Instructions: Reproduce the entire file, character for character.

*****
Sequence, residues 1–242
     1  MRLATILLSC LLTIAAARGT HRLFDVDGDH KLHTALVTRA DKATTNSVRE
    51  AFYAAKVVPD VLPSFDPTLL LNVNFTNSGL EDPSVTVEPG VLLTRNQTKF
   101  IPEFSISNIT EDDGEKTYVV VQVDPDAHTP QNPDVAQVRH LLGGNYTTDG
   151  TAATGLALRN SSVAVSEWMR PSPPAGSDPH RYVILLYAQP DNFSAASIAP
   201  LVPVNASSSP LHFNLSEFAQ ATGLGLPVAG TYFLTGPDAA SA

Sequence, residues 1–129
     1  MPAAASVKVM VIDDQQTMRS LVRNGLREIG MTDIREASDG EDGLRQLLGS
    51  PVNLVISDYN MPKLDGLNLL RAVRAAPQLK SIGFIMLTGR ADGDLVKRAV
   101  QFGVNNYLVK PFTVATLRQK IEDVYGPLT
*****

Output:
Sequence, residues 1–242
     1  MRLATILLSC LLTIAAARGT HRLFDVDGDH KLHTALVTRA DKATTNSVRE
    51  AFYAAKVVPD VLPSFDPTLL LNVNFTNSGL EDPSVTVEPG VLLTRNQTKF
   101  IPEFSISNIT EDDGEKTYVV VQVDPDAHTP QNPDVAQVRH LLGGNYTTDG
   151  TAATGLALRN SSVAVSEWMR PSPPAGSDPH RYVILLYAQP DNFSAASIAP
   201  LVPVNASSSP LHFNLSEFAQ ATGLGLPVAG TYFLTGPDAA SA

Sequence, residues 1–129
     1  MPAAASVKVM VIDDQQTMRS LVRNGLREIG MTDIREASDG EDGLRQLLGS
    51  PVNLVISDYN MPKLDGLNLL RAVRAAPQLK SIGFIMLTGR ADGDLVKRAV
   101  QFGVNNYLVK PFTVATLRQK IEDVYGPLT